Tahu caught up in racism row
PARRAMATTA rugby league star Timana Tahu has been labelled a hypocrite after it is alleged he racially vilified players from the Lismore-based Northern United at the NSW Aboriginal Knockout Carnival held at Woy Woy last weekend.
Tahu, who made headlines earlier this year when he walked out on principle from the NSW Origin camp at Kingscliff after Andrew Johns called Queensland indigenous star and friend Greg Inglis a ‘black c...’, is alleged to have fired the same barbs to players as young as 16 during a fiery round-one game he was playing for the Newcastle Yowies against the Northern United Dirawongs.
United coach Chris Binge, club secretary Grantley Creighton and captain Alwyn Roberts are unanimous in their condemnation of Tahu’s conduct and all have called for an apology from the dual international.
Roberts, who was on the field during the match that Newcastle won, is still shocked by what he heard.
“There was plenty of rough stuff, but he (Tahu) didn’t like his own medicine,” the Dirawongs captain said.
“He was swearing and saying black c.... and black dogs. After what happened with him and Andrew Johns, I can’t believe it.
“I did look up to him, but after the weekend I don’t think I’ll do that any more.”
Roberts admitted there was plenty being said between both teams during the match.
Creighton, who was sitting on the sideline, believes Tahu’s image has been damaged on the Northern Rivers.
“We’re going to approach Tahu’s management and see what happens from there. He should apologise,” Creighton said.
“The credibility he had in the community up here has gone out the window.”
Binge, who didn’t hear the alleged vilification, said he was shocked if the allegations are true, after he spoke out in The Northern Star in support of Tahu’s actions during the State of Origin controversy.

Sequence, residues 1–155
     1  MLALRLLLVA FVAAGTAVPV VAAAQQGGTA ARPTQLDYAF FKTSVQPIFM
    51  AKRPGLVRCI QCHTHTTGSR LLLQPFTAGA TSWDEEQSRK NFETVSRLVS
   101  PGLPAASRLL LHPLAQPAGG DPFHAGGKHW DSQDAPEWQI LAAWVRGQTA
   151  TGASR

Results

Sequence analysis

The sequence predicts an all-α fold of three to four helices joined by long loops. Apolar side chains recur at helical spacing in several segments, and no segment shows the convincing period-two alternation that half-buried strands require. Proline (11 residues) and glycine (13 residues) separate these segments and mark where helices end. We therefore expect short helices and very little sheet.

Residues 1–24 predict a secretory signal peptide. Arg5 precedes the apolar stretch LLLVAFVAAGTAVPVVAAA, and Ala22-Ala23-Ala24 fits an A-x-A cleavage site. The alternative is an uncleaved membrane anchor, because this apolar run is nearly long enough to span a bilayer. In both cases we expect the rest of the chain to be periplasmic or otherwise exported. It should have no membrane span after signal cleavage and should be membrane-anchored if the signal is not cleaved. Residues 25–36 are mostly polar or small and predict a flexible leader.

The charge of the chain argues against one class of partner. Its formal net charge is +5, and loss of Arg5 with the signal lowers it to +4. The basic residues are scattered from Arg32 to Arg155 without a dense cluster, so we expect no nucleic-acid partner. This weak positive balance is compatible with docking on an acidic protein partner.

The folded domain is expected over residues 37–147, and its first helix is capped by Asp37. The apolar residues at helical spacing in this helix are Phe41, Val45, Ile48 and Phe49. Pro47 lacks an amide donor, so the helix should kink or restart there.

He said the players were calling Tahu ahypocrite among themselves after the game.
“The players were shocked,” he said.
“One of the players (a 16-year-old) is shattered because he looked up to him. He was one of his biggest supporters and to have him (Tahu) turn on him is a shock.
“This is not a case of a non-Aboriginal person having a go at an Aboriginal person, or an Aboriginal person having a go at a non-Aboriginal person, and people may say it’s just two black fellas, who cares?
“We all care. For him to say that to some players leaves a sour taste in the mouth.”
When asked why Northern United did not make an official complaint to the knockout organisers, the club is pragmatic.
Under the rules governing the competition, the club had 15 minutes from the conclusion of the game to lodge the complaint to the disputes committee. It also costs $500 to do so.
If a club loses the hearing, the rules state they forfeit the money to the NSW Aboriginal Rugby League.
The NSW Country Rugby League assists organisers with insurance, but has no direct input into the running of the competition. The competition is run by the team that wins the preceding year, in this case BAC Walgett. Calls to carnival organisers yesterday were not returned.
Numerous attempts to contactTahu yesterday were unsuccessful. The Northern Star also sought comment from the Parramatta Eels, Tahu’s employer, in an attempt to speak with the star centre, but was not successful.
Eels media and communications manager Liz Anderson said the club would not comment on the alleged incident until they had a conversation with Tahu.
“Timana is currently away from Sydney and we have not been able to get in contact with him,” Ms Anderson said.
“At this time, we issue no formal statement until we speak to Timana.”
Former Cronulla Sharks fullback David Peachey, who was runningsideline commentary for National Indigenous Television during the match, said it was a fiery encounter.
“I didn’t hear anything racial, but from the body language and aggression on the field blokes were definitely fired up,” Peachey said.
“It would be a shame if it (the allegations) were true. The Aboriginal Knockout is supposed to be a fun day and a good introduction to younger players who are going on to NRL and representative football.
“I haven’t spoken to Timana, but it’s sad if the claims are true, considering he gave up a sky blue jersey earlier this season for racial vilification reasons.”